The Periods of Development

Jan 12, 2015 | Article Excerpts

Following is an excerpt from the Homfray Childs lecture entitled, “The Periods of Development”

Dr. Montessori warned us that no amount of good teaching would help the children if it was given at the wrong time. We must study and observe development and find out what are their particular aptitudes at every stage of development. For every period prepares for the next, and if the children are neglected during one period this cannot be put right in the next however hard the teacher and pupils may work. The children may learn somehow after a fashion, but they will not have the real mastery they would have gained easily if they had been able to work at the right time. But if we can give the right conditions and the right help the children will not only make good progress, they will astonish us by showing powers that we never suspected.

Observation and experience show that the children of the 3 – 6 period are happy in the peace and security of the Children’s House. They are at a stage when they are exploring the world by their visual and tactile senses, and through these senses they can acquire their letters and numbers without difficulty or mental strain. In the next period they enjoy the more stimulating atmosphere of the Primary school. They are capable of real study and work and they have a great energy and enthusiasm and a tremendous thirst for information. We must try and satisfy their curiosity and give them plenty of interesting work to do, for as long as they can be active they will never be bored. But in the third period, especially between 12 and 15, we must not expect the same rapid progress in school work. The adolescent has already spent many years in school, and it is time for a relaxation of discipline and routine. This is a period of strain, great adjustments, mental as well as physical have to be made, and the young people of this age should not be urged to work more than they feel able. Speaking of the difficulties of the third year when temper tantrums are so frequent, Dr. Gesell compares the child of this age half-seriously with the difficult adolescent, and there is a real parallel between the two ages.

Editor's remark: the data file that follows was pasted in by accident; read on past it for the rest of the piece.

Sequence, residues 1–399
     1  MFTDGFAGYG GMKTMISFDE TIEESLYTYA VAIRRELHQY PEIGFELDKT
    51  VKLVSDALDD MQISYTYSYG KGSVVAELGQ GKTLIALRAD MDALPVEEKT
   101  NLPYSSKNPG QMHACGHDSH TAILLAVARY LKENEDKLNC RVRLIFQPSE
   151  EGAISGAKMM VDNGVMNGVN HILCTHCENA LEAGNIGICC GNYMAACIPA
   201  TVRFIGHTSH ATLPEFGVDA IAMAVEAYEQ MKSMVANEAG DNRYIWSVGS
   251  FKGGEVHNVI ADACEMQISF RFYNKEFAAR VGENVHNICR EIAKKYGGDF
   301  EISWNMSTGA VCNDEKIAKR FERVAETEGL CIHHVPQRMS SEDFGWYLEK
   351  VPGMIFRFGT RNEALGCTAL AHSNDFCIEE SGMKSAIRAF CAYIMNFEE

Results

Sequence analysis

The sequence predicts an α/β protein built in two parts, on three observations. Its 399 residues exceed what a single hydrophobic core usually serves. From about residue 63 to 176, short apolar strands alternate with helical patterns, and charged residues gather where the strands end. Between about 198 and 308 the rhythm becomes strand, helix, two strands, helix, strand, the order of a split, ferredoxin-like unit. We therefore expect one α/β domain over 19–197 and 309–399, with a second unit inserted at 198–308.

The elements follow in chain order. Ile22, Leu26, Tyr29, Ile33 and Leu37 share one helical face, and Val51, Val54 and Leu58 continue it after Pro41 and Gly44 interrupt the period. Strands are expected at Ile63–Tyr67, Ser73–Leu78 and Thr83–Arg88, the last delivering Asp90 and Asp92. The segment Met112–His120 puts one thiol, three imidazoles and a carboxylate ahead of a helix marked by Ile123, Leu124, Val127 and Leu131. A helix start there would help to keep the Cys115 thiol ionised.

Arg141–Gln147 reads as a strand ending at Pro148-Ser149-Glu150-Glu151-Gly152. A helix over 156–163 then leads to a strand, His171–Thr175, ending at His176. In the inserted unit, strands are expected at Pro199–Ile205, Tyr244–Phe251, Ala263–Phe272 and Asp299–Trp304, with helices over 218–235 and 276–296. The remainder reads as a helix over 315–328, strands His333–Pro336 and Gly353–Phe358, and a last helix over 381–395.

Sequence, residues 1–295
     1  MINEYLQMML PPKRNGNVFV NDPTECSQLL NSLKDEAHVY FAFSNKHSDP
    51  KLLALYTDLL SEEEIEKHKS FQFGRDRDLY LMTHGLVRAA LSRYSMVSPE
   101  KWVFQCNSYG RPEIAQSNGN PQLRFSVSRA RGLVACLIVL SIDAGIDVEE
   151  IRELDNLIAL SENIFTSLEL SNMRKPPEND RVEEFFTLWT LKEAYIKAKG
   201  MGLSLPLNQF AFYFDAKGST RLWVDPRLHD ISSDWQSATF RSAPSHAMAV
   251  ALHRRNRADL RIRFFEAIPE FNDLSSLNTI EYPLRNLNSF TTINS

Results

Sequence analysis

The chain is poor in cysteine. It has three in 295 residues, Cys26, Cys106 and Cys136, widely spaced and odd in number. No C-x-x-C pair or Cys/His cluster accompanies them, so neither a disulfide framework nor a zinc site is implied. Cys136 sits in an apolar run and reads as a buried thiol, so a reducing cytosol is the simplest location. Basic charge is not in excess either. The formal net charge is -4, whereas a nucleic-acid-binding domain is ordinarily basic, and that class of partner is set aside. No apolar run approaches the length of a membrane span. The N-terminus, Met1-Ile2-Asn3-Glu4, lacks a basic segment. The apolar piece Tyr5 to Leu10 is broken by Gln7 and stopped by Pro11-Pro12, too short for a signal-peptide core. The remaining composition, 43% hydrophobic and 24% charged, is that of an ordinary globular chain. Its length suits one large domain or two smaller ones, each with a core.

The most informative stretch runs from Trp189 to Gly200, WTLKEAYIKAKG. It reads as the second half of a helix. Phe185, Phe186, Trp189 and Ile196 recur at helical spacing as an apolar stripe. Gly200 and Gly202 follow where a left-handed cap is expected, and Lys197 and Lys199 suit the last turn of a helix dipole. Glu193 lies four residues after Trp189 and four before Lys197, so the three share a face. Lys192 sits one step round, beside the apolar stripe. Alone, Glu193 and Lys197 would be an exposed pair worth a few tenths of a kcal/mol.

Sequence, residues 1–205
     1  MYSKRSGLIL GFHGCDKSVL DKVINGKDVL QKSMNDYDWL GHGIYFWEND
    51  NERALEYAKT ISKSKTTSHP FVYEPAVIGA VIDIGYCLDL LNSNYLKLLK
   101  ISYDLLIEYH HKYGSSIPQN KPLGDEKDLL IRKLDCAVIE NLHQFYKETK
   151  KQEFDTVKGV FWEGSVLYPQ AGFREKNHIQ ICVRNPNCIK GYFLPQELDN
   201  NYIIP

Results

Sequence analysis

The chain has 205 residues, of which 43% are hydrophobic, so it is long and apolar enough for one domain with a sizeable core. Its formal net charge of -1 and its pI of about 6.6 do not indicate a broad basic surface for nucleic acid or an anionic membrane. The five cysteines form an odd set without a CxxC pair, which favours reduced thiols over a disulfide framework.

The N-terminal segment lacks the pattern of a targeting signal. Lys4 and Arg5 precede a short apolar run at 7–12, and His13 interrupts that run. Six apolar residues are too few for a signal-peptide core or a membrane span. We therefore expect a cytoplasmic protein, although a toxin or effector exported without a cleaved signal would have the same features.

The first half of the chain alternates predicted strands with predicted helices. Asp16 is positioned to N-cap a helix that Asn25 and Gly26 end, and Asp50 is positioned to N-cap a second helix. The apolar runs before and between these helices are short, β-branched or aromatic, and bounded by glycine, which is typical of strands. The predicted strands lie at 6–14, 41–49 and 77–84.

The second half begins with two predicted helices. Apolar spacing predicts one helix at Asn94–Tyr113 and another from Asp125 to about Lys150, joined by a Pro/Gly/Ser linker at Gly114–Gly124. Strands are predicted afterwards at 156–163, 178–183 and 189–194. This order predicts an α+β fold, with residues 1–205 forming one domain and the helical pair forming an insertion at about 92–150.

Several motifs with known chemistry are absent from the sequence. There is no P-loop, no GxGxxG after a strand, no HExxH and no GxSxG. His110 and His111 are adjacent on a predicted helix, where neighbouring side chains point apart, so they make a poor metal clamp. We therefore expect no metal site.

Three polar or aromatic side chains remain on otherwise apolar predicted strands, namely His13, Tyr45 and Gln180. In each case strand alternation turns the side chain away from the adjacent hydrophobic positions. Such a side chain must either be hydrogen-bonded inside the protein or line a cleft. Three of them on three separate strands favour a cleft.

We cannot expect consistently reasonable behavior at these times, for so many changes are going on that the individuals themselves do not quite know where they are. We must think of the adolescent as something of an infant, and something of an invalid, for tolerance or even indulgence is wiser than too great severity in management at this age. The adolescent has a great work of development to accomplish; Dr. Montessori said that it was at this time that the social side of the character as contrasted with the individual personality is constructed. The mind too is becoming mature, and in their own time and at their own pace the adolescents will continue their education with enthusiasm especially if the foundations have been well laid in the previous periods.

At every stage we must study the children and make sure that we are giving them the mental food they need. Intelligence is characteristic of humanity; and to exercise intelligence is a joy. If the school teaching causes mental fatigue, if it causes boredom and apathy then the teaching is wrong. Children enjoy learning because they are fresh to the world and everything is interesting to them. Our system of education cannot be right unless the children are enthusiastic and get pleasure and satisfaction from their work.